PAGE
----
DOE: Major LNG project ‘would not increase’ CO2

By Carlos Anchondo | 06/30/2022 07:04 AM EDT

Building an 800-mile pipeline and LNG export facility in Alaska would only “incrementally” affect climate change, according to the latest environmental review of the embattled project.

Department of Energy headquarters in Washington.

Department of Energy headquarters in Washington. Francis Chung/E&E News

A proposed liquefied natural gas project in Alaska would not raise greenhouse gas emissions, according to a new federal environmental review that assumes LNG exports elsewhere will continue to meet demand even if the planned pipeline and terminal aren’t built.

The draft supplemental environmental impact statement was originally seen as a hurdle for the project, which includes building 800 miles of pipeline and an export facility in Nikiski, Alaska, to move LNG to primarily Asian markets. The Trump administration greenlighted exports from the proposed terminal in mid-2020, but the Biden administration announced nearly a year ago that it would conduct a supplemental analysis (Energywire, July 6, 2021).

Backers of the proposed project cheered the review’s findings, asserting that they “validate previous federal authorizations.”


The review “affirms what I and many Alaskans have been arguing for years: Natural gas is a proven source of desperately needed energy that also presents the opportunity to reduce global greenhouse gas emissions,” Sen. Dan Sullivan (R-Alaska) said in a statement, adding that “this report bolsters the case for the Alaska LNG Project, which remains the only West Coast U.S. LNG export project that has secured all of its federal permits.”

The Department of Energy’s draft SEIS includes a life-cycle analysis of the greenhouse gas emissions tied to the project’s LNG exports. It finds that “exporting [liquefied natural gas] from the North Slope would not increase GHG emissions when providing the same services to society,” as the No Action Alternative, a scenario where the Alaska LNG project is not developed.

Under a scenario where the Alaska project does not proceed, DOE said it modeled greenhouse gas emissions linked with LNG produced and supplied from the Lower 48, noting that “energy demand from foreign markets would remain and would need to be fulfilled from an alternate source under that scenario.”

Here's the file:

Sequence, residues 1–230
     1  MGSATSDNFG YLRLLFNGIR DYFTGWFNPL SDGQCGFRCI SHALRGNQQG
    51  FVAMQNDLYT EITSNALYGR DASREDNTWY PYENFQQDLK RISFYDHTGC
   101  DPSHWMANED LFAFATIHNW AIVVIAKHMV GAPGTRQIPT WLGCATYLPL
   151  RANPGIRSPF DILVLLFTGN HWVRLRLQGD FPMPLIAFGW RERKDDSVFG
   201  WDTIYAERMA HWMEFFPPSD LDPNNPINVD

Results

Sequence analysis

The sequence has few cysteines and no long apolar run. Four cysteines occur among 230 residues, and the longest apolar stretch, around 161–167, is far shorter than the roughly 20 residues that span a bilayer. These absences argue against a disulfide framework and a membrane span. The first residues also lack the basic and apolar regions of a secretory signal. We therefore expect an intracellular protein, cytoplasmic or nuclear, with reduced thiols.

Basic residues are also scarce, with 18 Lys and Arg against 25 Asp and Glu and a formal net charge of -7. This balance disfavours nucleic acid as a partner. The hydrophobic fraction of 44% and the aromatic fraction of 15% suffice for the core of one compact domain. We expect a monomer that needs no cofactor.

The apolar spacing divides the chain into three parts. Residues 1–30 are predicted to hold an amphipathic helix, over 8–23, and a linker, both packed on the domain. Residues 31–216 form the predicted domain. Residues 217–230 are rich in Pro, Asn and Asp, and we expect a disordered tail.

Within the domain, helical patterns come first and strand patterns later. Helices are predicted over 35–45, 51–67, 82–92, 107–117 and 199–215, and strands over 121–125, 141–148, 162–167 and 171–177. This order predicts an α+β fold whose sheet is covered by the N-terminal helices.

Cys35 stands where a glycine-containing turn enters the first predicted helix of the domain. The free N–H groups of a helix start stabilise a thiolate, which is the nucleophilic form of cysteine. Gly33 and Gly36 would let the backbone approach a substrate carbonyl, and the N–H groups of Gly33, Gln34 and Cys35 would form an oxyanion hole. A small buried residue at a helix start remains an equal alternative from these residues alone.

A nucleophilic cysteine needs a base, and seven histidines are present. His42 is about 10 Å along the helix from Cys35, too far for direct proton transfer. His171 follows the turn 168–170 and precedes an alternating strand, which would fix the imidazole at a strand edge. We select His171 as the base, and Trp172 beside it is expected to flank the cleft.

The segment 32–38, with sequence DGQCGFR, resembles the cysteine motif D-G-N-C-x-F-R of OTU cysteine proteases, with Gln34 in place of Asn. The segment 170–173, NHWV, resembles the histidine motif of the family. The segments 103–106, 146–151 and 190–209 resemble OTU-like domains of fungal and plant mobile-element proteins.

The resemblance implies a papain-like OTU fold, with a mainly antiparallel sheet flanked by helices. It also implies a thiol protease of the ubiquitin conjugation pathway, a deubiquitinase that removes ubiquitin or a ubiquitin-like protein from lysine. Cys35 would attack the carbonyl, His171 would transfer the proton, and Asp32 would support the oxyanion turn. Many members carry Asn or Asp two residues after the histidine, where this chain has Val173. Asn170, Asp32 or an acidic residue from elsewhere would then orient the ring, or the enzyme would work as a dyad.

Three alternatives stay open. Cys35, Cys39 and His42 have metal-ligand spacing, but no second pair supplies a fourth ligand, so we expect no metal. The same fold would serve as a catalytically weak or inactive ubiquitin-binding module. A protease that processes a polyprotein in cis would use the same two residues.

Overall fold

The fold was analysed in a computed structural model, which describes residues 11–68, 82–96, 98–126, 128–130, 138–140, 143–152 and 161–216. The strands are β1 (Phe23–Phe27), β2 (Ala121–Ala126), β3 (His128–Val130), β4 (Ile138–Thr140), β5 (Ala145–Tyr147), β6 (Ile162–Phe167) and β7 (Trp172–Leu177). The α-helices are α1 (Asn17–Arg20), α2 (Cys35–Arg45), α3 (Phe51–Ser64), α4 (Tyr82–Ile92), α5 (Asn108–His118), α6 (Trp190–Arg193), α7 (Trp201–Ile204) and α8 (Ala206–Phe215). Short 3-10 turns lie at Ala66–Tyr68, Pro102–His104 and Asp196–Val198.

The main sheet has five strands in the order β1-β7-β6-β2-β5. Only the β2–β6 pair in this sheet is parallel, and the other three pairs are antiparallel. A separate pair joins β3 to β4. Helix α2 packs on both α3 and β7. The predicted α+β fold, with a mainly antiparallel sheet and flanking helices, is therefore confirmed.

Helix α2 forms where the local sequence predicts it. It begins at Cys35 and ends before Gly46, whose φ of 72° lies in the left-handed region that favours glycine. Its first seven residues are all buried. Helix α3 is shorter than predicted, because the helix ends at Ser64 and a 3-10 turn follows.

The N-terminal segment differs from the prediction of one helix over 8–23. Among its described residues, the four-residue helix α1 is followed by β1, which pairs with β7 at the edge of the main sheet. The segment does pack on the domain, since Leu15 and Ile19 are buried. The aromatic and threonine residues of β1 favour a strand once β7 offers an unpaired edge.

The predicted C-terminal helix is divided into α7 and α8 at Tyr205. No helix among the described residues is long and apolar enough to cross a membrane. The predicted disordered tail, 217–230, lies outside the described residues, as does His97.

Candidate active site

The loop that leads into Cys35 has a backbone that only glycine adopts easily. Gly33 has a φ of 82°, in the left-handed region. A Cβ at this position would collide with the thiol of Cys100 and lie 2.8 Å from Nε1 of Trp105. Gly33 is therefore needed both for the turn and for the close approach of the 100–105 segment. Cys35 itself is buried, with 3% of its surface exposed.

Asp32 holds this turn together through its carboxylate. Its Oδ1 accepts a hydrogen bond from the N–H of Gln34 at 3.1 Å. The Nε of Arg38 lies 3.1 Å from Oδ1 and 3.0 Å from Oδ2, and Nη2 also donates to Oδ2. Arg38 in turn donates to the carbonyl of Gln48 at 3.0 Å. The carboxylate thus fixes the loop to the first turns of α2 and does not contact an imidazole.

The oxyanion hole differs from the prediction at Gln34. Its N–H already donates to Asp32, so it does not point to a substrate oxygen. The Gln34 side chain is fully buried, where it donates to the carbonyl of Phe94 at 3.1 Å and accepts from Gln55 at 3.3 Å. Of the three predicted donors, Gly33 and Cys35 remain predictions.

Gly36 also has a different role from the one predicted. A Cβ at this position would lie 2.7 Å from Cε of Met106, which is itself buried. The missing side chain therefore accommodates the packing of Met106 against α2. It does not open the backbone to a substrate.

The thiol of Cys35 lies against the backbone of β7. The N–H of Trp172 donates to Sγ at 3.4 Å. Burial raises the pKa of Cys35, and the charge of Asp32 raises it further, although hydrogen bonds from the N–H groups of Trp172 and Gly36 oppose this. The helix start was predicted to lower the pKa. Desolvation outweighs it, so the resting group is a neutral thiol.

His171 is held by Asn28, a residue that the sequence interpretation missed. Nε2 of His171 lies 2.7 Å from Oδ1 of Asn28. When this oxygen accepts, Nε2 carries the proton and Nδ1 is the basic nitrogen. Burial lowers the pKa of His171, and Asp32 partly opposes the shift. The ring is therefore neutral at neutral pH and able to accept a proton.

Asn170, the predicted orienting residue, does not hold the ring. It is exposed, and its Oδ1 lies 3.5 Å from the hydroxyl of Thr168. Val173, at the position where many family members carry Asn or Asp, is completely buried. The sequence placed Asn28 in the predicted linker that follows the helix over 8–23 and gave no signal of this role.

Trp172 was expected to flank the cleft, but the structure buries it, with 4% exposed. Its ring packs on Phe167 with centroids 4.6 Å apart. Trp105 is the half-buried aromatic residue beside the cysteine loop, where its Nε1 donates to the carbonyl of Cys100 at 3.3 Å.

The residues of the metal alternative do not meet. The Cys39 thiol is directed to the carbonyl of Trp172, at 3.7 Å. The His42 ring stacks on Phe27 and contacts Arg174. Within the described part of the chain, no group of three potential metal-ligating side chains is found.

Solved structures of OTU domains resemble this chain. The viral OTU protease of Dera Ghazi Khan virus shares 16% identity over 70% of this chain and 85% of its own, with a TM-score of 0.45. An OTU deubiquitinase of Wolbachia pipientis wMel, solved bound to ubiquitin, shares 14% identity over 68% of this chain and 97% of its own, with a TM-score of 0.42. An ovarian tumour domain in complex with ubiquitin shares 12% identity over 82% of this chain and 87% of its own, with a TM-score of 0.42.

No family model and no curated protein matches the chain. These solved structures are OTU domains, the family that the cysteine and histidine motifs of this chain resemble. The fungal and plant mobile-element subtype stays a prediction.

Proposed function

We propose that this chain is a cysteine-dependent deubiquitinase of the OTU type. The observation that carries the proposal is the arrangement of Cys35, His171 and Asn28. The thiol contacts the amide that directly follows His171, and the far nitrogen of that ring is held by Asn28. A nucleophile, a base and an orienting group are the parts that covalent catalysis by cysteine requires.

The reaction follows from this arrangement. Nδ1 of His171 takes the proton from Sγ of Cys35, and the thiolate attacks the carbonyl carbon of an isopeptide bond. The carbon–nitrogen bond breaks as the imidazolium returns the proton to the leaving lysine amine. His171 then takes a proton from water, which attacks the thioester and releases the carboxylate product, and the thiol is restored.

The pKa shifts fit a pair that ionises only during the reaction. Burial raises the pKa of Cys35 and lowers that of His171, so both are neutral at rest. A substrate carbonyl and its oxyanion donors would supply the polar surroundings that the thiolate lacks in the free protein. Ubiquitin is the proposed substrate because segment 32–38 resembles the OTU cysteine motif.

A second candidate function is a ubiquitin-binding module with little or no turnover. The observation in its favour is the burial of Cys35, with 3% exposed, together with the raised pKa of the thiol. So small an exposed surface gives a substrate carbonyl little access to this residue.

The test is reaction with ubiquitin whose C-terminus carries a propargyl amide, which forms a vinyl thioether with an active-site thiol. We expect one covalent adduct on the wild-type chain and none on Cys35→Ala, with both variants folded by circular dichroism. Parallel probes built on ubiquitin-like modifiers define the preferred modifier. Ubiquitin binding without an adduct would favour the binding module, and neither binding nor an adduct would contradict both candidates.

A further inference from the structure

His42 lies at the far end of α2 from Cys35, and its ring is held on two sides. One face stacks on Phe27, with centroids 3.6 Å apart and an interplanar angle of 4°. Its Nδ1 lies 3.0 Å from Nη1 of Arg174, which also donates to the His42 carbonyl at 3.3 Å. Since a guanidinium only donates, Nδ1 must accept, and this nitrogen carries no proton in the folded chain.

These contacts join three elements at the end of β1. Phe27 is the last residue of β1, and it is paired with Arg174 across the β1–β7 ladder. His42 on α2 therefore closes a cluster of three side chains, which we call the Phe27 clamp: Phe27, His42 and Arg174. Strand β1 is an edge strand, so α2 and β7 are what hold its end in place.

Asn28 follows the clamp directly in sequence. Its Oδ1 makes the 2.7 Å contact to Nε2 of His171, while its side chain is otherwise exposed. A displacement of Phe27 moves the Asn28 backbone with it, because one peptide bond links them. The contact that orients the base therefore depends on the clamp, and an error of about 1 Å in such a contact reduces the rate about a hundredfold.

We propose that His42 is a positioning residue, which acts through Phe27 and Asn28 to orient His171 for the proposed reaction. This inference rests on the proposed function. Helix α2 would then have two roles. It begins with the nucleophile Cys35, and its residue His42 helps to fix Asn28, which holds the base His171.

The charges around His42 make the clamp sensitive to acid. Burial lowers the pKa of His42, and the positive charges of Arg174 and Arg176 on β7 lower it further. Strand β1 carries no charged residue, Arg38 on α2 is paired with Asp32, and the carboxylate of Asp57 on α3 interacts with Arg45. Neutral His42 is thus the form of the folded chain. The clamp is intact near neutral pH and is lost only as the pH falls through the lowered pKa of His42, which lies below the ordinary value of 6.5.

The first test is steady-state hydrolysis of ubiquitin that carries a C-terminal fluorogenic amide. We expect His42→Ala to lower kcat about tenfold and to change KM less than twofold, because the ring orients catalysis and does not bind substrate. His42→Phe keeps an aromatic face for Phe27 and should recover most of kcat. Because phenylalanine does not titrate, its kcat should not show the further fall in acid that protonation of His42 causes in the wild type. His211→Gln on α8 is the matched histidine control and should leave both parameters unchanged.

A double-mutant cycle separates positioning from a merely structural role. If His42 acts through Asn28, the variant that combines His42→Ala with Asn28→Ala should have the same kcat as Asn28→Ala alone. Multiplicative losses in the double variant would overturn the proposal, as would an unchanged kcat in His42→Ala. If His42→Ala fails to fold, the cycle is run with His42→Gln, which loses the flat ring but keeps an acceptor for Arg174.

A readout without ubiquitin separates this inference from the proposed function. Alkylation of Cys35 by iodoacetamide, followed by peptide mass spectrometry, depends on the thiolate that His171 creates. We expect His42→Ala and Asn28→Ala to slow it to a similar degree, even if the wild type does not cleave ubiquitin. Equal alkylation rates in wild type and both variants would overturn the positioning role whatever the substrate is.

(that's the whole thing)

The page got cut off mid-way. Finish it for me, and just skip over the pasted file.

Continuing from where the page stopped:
“Overall, life cycle [greenhouse gas] emissions under the Proposed Action, including emissions from construction and operation of project activities, as well as upstream production and downstream processing, transport, and end-use, would be no higher than under the No Action Alternative,” the report said.

The analysis, issued on June 24, also said project construction and operation “would contribute incrementally to global climate change.”

The Alaska Gasline Development Corp., which is advancing the nearly $39 billion project, said project construction has not started. But a spokesperson said it is expected to be fully operational in 2030.

“AGDC is working to assemble a privately led project team for Alaska LNG which could make a final investment decision and begin construction early works in as soon as 2024,” said Tim Fitzpatrick, a spokesperson for the group, in an email.

The DOE’s draft SEIS uses Japan, South Korea, China and India in its analysis as possible destination countries for the projects LNG exports. It comes as the United States is working to increase LNG exports to Europe as it attempts to wean itself off Russian hydrocarbons and amid an ongoing debate between project developers and environmental groups, who argue the project shouldn’t move forward.

“Nothing in this analysis changes the fact that this massive fossil fuel project is a massively terrible idea,” said Kristen Monsell, a senior attorney with the Center for Biological Diversity, in an emailed statement yesterday.

“It ignores the overwhelming science showing that new fossil fuel projects are simply inconsistent with maintaining a liveable planet,” added Monsell, legal director of the center’s oceans program.

In a summary, DOE said the “proposed action” is to meet its obligation under a section of the Natural Gas Act to “authorize the export of natural gas, including [liquefied natural gas,] unless it finds” that the proposed import or export wouldn’t be consistent with the public interest.

“Life cycle [greenhouse gas] emissions associated with [liquefied natural gas] from the lower 48 are estimated to be slightly higher than for LNG from the North Slope based on several factors, including increased shipping distance,” the DOE report said.

The department said comments postmarked by Aug. 15 will be addressed in the final SEIS, according to the summary.

Yesterday, the AGDC — which calls itself “an independent, public corporation of the State of Alaska” — said DOE’s draft SEIS shows the “significant benefits” of the Alaska LNG project.

“Alaska LNG, the only permitted LNG project on the West Coast, is poised to safely deliver to allies across the Pacific and enable other U.S. LNG projects to strengthen service to European nations in need,” said Frank Richards, AGDC’s president, in a statement.